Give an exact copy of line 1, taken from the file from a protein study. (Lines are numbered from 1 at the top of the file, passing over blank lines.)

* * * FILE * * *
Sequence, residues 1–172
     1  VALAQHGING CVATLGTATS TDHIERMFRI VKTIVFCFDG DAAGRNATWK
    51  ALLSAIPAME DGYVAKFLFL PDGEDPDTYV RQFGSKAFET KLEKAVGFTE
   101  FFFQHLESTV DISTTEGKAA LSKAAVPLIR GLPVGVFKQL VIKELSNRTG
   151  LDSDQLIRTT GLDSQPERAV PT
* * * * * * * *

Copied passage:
Sequence, residues 1–172